These types of technologies allow nursing students to have experiences that may not be available during their clinical hours. A combination of several types of simulations can help students practice more than one skill.

Nursing School Simulators: Instilling Confidence

The researchers noted that past studies demonstrated the positive influence nursing simulation has on nursing education. It has been a valuable teaching strategy since 1911. And technological advancements have developed ways to engage students and improve their learning more quickly.

The researchers identified 15 primary research studies from five academic databases.

The studies were published from 2005-2020 and had to have been published in English, with full text and data available, and were primary research studies that could be applied to the development of the nursing curriculum. Studies that were not peer-reviewed or did not address the outcome measure of interest were not included.

"Nurse educators view repetitive simulation as a beneficial teaching strategy for supporting students' learning objectives," the researchers wrote.

The nursing researchers used a somatic analysis to identify major themes found in the studies. Those themes included:

  • Self-confidence to work within a team structure
  • Self-confidence in clinical tasks
  • Self-confidence in communicating with team members and patients
  • Self-confidence in community work

While evaluating the data, the researchers found that most of the studies indicated nursing simulation improved a student nurse's ability to carry out clinical tasks. Three of the 15 studies found that simulation helped nursing students perform community work, and five found an association with improved self-confidence in communication skills with patients and team members.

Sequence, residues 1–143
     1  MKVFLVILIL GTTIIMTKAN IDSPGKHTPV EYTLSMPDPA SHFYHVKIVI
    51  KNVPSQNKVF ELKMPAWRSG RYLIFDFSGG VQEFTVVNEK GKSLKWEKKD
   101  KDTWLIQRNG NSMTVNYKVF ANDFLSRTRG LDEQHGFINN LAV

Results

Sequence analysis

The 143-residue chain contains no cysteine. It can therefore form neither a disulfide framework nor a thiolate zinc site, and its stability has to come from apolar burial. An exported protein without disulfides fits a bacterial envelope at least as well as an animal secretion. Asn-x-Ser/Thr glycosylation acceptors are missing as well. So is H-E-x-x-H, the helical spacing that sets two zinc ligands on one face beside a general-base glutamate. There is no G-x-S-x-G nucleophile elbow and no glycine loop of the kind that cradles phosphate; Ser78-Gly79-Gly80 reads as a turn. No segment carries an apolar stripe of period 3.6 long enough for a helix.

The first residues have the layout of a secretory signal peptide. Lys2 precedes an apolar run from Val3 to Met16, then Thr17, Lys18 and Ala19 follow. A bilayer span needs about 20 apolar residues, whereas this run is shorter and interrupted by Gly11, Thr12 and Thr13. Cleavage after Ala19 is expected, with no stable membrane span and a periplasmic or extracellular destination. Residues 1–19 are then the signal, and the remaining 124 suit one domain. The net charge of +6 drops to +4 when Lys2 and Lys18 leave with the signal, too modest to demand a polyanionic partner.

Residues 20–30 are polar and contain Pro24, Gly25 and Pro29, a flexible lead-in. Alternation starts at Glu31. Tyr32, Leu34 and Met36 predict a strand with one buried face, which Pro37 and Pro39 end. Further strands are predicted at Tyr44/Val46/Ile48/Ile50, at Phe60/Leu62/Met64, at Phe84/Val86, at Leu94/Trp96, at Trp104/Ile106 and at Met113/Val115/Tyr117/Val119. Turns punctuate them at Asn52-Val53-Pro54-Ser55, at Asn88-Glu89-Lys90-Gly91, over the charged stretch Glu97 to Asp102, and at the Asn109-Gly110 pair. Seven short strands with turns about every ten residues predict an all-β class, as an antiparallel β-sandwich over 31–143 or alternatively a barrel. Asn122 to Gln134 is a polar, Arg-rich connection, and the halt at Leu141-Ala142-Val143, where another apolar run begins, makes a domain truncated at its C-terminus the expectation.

"Despite limitations, it is noteworthy that all the studies were able to demonstrate that, even with short training sessions on clinical simulation, its impact on the self-reported self-confidence of the students was significant," the researchers wrote.

The researchers believe that the review holds significant ramifications and that developing competence in clinical tasks is linked to the nursing students' level of self-confidence. Using a sim lab may be one solution to improving patient care quality for nurse educators.

The researchers hypothesize that an improvement in class performance may lead to a better standard of patient care when nursing students believe they are capable of carrying out the necessary clinical tasks and appropriately communicating with patients and team members.

"According to this review, clinical simulation is a technique that can both boost students' self-confidence and enhance the standard of patient care," the researchers wrote. "The results of this review may be used by educators, legislators, and other interested parties to assess the relationship between clinical simulation and student confidence growth."

The findings of the literature review also suggest that even when nursing students had limited exposure to simulation-based education, it was still associated with improvements in self-confidence. The researchers caution that while the results are similar to past studies, the findings are based on studies with a limited sample size, which limits the ability to apply the results to a larger population.

"The present literature-based study could provide a background on how clinical simulation improves patient safety by increasing the self-confidence of student nurses," the researchers wrote. "This self-confidence could extend until post-registration, and it would enable the student nurses to be better prepared in their future roles. The wide application of clinical simulation in clinical practice may also promote teamwork."